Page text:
Meet the man who has floated my boat for over 32 years. Today is his birthday and he is celebrating with a snowy day, the Super Bowl, a chili and chicken quesadilla dinner with a chocolate cake and vanilla ice cream chaser. Canoeing is in his blood and he is never happier than when he’s taking the Current River at full speed, though sometimes he’ll settle for a placid local lake as is pictured above.
Camping is also in his blood and so it was a pleasure to see him honored last night by the Boy Scouts in our region for his contributions to our son’s troop. My husband served that troop as camping coordinator throughout our son’s tenure, taking the troop spelunking and camping and canoeing every month of the year for upwards of 5 years. (Someday I will regale you with tales of the girls-weekends-out my daughter and I enjoyed during those halcyon scouting years.)
My husband stayed on with the troop long after our son achieved Eagle, mentoring the new young dads in the ways of orienteering and water safety and schooling them in the secrets of tasty camp cooking. So it is fitting that he be recognized for his efforts, though he and I would both assert that tremendous parental involvement and support made all the difference for all the kids all of that time.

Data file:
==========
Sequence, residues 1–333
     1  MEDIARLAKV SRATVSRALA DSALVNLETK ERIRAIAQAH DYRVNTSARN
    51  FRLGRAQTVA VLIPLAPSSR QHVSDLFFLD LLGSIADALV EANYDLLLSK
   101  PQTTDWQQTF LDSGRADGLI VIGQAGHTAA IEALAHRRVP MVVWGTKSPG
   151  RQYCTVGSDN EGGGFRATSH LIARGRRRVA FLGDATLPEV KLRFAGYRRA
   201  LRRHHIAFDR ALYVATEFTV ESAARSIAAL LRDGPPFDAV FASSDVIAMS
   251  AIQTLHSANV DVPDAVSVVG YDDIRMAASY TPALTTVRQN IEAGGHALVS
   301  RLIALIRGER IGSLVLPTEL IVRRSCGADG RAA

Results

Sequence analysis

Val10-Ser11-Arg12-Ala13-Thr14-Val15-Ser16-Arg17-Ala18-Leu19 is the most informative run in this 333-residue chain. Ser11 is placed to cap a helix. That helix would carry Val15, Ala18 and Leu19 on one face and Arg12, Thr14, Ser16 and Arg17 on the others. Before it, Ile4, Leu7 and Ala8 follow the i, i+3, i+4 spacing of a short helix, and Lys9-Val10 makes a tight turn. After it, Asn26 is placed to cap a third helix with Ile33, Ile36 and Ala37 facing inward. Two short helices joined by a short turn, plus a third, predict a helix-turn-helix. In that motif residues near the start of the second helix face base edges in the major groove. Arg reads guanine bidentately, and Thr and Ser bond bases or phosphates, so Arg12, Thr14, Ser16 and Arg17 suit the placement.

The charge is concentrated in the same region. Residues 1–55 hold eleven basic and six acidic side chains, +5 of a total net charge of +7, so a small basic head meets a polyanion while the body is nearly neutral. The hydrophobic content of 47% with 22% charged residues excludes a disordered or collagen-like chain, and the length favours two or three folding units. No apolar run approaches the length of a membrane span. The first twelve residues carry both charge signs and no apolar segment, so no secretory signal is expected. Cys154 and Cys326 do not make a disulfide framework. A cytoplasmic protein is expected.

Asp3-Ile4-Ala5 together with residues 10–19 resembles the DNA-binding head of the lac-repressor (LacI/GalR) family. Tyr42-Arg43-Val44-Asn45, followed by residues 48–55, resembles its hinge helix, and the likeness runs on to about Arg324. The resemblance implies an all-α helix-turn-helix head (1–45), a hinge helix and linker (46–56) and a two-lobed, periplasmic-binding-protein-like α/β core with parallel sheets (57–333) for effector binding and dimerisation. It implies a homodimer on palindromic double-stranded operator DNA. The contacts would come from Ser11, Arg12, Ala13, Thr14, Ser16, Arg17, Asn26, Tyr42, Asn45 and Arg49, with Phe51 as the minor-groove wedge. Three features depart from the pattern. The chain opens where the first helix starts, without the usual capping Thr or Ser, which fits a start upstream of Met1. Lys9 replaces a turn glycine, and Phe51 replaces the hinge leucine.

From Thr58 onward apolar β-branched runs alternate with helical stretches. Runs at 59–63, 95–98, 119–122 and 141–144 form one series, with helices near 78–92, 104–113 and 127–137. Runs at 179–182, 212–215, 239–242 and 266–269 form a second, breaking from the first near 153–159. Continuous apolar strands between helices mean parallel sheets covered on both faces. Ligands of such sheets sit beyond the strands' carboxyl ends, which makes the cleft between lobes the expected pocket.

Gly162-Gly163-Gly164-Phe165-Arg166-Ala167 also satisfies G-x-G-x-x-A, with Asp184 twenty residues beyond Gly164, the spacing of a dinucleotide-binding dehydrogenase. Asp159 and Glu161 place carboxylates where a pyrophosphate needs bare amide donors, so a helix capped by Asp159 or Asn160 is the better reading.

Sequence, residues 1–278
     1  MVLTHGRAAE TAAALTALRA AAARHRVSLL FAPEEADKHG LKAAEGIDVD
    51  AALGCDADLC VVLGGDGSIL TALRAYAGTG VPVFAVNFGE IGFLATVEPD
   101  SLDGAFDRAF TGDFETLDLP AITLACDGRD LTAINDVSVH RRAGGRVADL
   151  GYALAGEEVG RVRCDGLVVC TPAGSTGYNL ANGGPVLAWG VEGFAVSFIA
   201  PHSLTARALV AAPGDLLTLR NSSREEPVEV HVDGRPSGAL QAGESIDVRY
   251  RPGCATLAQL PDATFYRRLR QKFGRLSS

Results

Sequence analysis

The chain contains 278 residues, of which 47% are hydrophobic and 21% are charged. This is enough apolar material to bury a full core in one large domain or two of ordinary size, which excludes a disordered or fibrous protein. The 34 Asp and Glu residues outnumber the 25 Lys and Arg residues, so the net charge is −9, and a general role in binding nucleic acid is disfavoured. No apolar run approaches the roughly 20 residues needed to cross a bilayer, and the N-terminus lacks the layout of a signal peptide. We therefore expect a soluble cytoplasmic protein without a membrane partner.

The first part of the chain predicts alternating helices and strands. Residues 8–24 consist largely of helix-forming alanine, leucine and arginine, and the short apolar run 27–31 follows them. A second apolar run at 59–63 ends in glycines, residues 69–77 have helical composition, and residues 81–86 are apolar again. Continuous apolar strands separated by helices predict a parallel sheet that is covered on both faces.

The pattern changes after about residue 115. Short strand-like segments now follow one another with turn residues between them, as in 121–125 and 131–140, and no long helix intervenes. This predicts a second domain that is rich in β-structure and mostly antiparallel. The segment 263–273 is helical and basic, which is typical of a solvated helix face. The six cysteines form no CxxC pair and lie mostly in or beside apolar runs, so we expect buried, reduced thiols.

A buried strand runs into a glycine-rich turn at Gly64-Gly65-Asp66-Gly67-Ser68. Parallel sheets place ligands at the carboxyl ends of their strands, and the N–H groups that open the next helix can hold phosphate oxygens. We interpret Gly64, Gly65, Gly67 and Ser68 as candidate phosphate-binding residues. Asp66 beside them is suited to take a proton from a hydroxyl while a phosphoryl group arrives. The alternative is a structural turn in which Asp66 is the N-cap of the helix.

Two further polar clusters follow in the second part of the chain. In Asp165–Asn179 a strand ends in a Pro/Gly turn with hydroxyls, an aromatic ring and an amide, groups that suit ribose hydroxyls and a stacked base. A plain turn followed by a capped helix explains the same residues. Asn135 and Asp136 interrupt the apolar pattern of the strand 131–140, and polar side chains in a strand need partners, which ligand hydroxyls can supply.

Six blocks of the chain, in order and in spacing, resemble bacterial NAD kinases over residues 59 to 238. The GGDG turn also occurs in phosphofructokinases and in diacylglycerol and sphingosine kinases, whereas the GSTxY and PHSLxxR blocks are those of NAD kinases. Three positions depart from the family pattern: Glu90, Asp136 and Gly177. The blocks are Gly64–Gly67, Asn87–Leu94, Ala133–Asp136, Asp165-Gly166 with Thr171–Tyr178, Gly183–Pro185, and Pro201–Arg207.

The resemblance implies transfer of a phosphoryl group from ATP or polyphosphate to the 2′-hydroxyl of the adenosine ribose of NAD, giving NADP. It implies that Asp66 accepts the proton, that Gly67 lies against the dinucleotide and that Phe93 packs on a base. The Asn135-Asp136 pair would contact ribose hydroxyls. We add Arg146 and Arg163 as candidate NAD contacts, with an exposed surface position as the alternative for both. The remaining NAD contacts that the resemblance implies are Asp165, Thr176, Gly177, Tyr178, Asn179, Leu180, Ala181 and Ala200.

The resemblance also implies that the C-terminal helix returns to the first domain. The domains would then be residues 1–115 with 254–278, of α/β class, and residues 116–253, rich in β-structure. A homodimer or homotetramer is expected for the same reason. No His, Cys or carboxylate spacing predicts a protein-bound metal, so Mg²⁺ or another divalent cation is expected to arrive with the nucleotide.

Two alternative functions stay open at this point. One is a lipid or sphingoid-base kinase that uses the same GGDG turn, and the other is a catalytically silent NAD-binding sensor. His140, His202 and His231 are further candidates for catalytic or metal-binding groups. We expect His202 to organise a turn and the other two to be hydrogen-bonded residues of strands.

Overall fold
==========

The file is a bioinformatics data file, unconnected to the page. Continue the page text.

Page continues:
This honor is well deserved and meaningful, but what really makes his day is hearing the scouts themselves or their parents tell stories of the great fun they had and how much they now enjoy the memories of crawling through a dark, muddy cave on their backs, cooking cherry cobbler in a dutch oven over an open fire, or flipping a canoe full of gear and living to tell about it.
Someone once asked me—before we had kids—if my husband had gone very far in scouting. I said, “Well, he became a park ranger; how much further can you go?” But now I know just how much further you can go: you can pay that scouting experience forward and far into the future simply by sharing it with others.